Barreling Through Beethoven
Renes barreled through the music. Willful speed, without a corresponding quality of lightness, seemed to be his sole priority, at the expense of clarity, phrase, shape and expression.
I can only conclude that whatever pure, historical ideas Renes has about the symphony, he was unable to execute them. The only revelation was his encouragement of big drama in the timpani rolls of the first movement. Renes invited timpanist Dean Borghesani to let it rip, and boy, did he. After that unexpected, extreme touch of drama I waited for similar effects in the remaining three movements. They did not come. The third movement, an adagio that should emerge with timeless spaciousness, was so fast that it was impossible for the solos on clarinet and horn to make their mark.
They only sounded rushed. The finale movement, with chorus and soloists, suffered from the same relentlessly fast approach. By the time the score arrived at the vocal quartet—always a nearly impossible challenge— one did not need a crystal ball to know it was going to be a mess. It was. As is often the case with a masterwork, the audience responded to the music itself more than the performance. The concert was saved by the curtain raiser, principal bassoonist Theodore Soluri’s lovely account of the Mozart Bassoon Concerto.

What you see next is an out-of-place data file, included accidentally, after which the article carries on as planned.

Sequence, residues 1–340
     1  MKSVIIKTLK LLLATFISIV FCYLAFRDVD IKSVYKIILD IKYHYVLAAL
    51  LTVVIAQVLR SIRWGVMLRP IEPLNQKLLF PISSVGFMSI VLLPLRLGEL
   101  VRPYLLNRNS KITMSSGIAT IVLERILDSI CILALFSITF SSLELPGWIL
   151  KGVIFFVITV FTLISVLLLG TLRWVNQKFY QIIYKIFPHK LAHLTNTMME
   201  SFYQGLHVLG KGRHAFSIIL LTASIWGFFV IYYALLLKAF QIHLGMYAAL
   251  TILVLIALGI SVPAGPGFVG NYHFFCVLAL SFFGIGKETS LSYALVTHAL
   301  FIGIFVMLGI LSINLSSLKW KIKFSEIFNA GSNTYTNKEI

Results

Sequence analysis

Soluri’s taste, evenness, sense of phrase, and singing tone were a sorely needed balm to the evening. He quoted the aria “Porgi, amor” from The Marriage of Figaro in the second movement cadenza, an aria which borrows its first notes from the bassoon theme. It made me smile and sigh.